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HOW SWEET IS THE GLOAMING.
TUNE-" Bonnie Dundee.”
How sweet is the gloaming, when carelesly roaming,
The red setting sun sinking low in the west, The moon faintly beaming, one star lonely gleaming,
As Nature does gradually sink into rest.
I wander, Eliza, to muse upon thee,
That thou wad be constant to love and to me.
And tear me reluctant away from thy arms,
I'll pleasantly dream I possess all thy charms.
And thrice have given vent to the heart-rending sigh, Bright hope soon returning, will ease my fond mourning,
And soothingly whisper, we'll meet bye and bye.
MY AIN FIRESIDE.
Mony lords and fine ladies a' cover'd wi' braws;
Where the grand shine o' splendour has dazzl'd my een;
* This little piece is from the pen of ALEXANDER FULLARTON, soldier, 91st Regiment. It indicates a mind strongly susceptible of the finer sympathies with the sublime objects of nature, and alive to all the romantic tenderness of love. We are not sorry to see the soldier become at times a prey to those feelings he is often called upon, in the way of his duty, to violate with unrelenting apathy.
But a sight sae delightfu', I trow, I ne'er spied,
THE KEBBUCKSTON WEDDING. Auld Watty of Kebbuckston brae,
With lear and reading of books auld farren, What think ye! the body came owre the day, And tauld us he's gaun to be married to Mirren.
We a' got a bidding,
To gang to the wedding,
And Tam o' the Knowes,
He swears and he vows, At the dancing he'll face to the bride wi' his graunie. A' the lads hae trystet their joes,
Slee Willie came up and ca'd on Nelly, Altho’ she was hecht to Geordie Bowse, She’s gien him the gunk and she's gaun wi' Willie.
Wee collier Johnnie
Has yocket his pony,
Wi' fouth of good meat
To serve us to eat, - Sae with fuddling and feasting we'll a' be fou' happy. Wee Patie Brydie's to say
For there'll be plenty
Of ilka thing dainty,
With luggies of beer,
Our wizzens to clear, Sae the de'il-fill his kyte wha gaes clung frae the meeting. Lowrie has caft Gibbie Cameron's gun, That his auld gutcher bore when he follow'd Prince
Charlie, The barrel was rustet as black as the grun, But he's ta’en't to the smiddy and's fettl't it rarely.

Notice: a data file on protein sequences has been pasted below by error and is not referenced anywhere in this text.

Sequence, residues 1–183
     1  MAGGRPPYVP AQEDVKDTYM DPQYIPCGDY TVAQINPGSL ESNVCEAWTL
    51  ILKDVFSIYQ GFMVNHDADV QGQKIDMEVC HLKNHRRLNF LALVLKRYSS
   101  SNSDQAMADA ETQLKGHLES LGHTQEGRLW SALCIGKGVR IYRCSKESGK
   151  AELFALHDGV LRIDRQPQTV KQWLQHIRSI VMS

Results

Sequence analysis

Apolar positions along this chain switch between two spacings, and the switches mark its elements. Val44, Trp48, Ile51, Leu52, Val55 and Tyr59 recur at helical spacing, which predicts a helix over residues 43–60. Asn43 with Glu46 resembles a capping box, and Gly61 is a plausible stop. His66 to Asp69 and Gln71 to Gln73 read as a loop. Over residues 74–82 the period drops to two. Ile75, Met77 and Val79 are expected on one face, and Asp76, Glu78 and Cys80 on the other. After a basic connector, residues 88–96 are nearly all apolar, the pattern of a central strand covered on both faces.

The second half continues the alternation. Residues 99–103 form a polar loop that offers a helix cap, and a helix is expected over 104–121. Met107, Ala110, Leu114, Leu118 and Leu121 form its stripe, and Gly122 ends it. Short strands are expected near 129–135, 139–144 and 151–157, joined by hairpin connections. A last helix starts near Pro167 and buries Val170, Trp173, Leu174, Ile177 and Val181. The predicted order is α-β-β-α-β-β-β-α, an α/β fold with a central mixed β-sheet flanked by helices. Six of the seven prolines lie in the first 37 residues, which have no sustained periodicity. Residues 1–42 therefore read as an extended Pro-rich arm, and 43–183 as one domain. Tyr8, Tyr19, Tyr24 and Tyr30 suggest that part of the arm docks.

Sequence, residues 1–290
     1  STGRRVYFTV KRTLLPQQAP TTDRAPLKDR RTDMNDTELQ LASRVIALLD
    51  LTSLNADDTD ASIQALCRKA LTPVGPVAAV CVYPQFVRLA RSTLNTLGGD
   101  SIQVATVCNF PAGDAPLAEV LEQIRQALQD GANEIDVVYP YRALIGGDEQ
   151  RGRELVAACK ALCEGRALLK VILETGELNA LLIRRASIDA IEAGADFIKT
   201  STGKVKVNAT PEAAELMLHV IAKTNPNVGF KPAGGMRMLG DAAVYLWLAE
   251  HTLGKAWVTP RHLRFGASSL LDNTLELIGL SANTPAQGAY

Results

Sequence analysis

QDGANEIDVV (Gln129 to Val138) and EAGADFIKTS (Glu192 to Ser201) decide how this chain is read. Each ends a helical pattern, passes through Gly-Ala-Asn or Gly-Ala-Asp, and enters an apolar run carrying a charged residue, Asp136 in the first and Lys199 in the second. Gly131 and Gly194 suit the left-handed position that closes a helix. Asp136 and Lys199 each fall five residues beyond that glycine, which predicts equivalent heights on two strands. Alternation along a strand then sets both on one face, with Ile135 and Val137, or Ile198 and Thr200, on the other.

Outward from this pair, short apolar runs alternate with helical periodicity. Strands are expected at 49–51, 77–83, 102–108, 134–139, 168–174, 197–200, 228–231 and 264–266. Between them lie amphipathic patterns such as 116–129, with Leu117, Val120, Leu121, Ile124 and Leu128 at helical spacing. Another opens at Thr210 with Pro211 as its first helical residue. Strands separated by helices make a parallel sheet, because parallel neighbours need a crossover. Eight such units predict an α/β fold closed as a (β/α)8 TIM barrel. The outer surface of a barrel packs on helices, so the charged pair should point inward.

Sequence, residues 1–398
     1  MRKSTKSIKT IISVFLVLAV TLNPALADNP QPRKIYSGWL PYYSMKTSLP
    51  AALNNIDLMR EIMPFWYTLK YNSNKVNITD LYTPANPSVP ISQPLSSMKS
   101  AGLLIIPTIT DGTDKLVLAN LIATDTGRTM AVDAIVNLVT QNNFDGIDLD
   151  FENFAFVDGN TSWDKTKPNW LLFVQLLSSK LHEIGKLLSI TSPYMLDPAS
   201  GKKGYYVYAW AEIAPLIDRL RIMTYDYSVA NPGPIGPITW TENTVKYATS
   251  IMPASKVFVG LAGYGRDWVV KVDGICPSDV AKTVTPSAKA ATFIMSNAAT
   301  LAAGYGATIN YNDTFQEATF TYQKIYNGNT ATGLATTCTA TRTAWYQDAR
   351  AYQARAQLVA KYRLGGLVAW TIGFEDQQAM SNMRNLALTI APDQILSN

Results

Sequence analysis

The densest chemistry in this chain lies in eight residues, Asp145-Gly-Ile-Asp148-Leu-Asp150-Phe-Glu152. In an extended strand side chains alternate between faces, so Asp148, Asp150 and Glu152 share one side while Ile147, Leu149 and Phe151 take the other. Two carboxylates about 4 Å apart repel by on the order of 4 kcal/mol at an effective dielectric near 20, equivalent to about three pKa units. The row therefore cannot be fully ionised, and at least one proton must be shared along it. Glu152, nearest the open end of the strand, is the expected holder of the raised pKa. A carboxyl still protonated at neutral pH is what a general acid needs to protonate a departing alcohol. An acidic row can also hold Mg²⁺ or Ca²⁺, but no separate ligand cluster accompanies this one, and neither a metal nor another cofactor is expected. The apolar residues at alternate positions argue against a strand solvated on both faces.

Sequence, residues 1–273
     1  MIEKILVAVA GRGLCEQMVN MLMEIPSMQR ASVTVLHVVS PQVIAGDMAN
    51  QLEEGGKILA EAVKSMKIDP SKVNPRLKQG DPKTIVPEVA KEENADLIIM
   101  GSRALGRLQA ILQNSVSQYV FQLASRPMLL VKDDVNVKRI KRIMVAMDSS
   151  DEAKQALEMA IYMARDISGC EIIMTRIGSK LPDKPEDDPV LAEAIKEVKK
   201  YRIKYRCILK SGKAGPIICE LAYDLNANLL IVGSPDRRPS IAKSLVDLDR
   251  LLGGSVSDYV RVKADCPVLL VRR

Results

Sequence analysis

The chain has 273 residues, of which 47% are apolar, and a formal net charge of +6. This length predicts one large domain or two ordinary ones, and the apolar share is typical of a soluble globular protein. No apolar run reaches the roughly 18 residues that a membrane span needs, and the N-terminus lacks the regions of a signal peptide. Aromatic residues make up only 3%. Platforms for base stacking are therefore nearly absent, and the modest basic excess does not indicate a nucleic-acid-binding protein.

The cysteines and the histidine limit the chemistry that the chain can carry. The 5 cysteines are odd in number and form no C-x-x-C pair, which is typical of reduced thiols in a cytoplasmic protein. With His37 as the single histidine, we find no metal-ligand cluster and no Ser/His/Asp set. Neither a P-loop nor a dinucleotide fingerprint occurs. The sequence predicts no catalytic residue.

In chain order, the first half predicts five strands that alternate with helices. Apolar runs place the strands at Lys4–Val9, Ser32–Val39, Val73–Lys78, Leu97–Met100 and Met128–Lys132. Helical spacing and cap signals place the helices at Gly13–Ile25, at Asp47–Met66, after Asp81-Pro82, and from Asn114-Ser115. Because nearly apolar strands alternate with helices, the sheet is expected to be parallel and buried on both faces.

With wallets of pouther,
His musket he'll shouther,
At ilka farm town
He'll fire them three roun',
For few like them can sit in the saddle;
With whisking and flisking,
The young anes a' like to loup out o' the body,
And Neilie M‘Nairn,
Tho' sair forfairn, He vows that he'll wallop twa sets wi' the howdie. Sauney M‘Nab, with his tartan trews,
Has hecht to come down in the midst of the caper, And gie us three wallops of merry shantrews, With the true Highland fling of Macrimmon the pi
Sic hipping and skipping,
And springing and flinging, I'se wad that there's nane in the Lawlands can waff it!
Faith! Willie maun fiddle,
And jirgum and diddle,
Then gie me your hand, my trusty good frien',
And gie me your word, my worthy auld kimmer, Ye'll baith come owre on Friday bedeen, And join us in ranting and tooming the timmer.
With fouth of good liquor,
We'll haud at the bicker,
For Watty's sae free,
TUNE~" Maids of Arrochar.”
To me thou can'st never give pleasure again,
'Twas base-hearted treachery that doom'd our undoing,
My poor bleeding country, what more can I do?' Ev'n valour looks pale o'er the red field of ruin,
And freedom beholds her best warriors laid low. Farewell ye dear partners of peril! farewell !
Tho'buried ye lie in one wide bloody grave, Your deeds shall ennoble the place where you fell,
And your names be enroll’d with the sons of the brave. But I, a poor outcast, in exile must wander,
Perhaps, like a traitor, ignobly must die! On thy wrongs, O my country! indignant I ponder.Ah! woe to the hour when thy Wallace must fly!
THE MANIAC'S SONG.
HARK! 'tis the
She wistfully looks o'er the deep,
To hush the rude billows asleep.
And thinks it her lover's white sail,
As she beckons his vessel to hail,
And frets at the boisterous gale.
Till the seas robb’d her heart of its joy, Then her reason was lost in the gloom of despair,
And her charms then did wither and die; And now her sad “ Lullaby, lullaby, lullaby!” Oft wakes the lone passenger's sigh.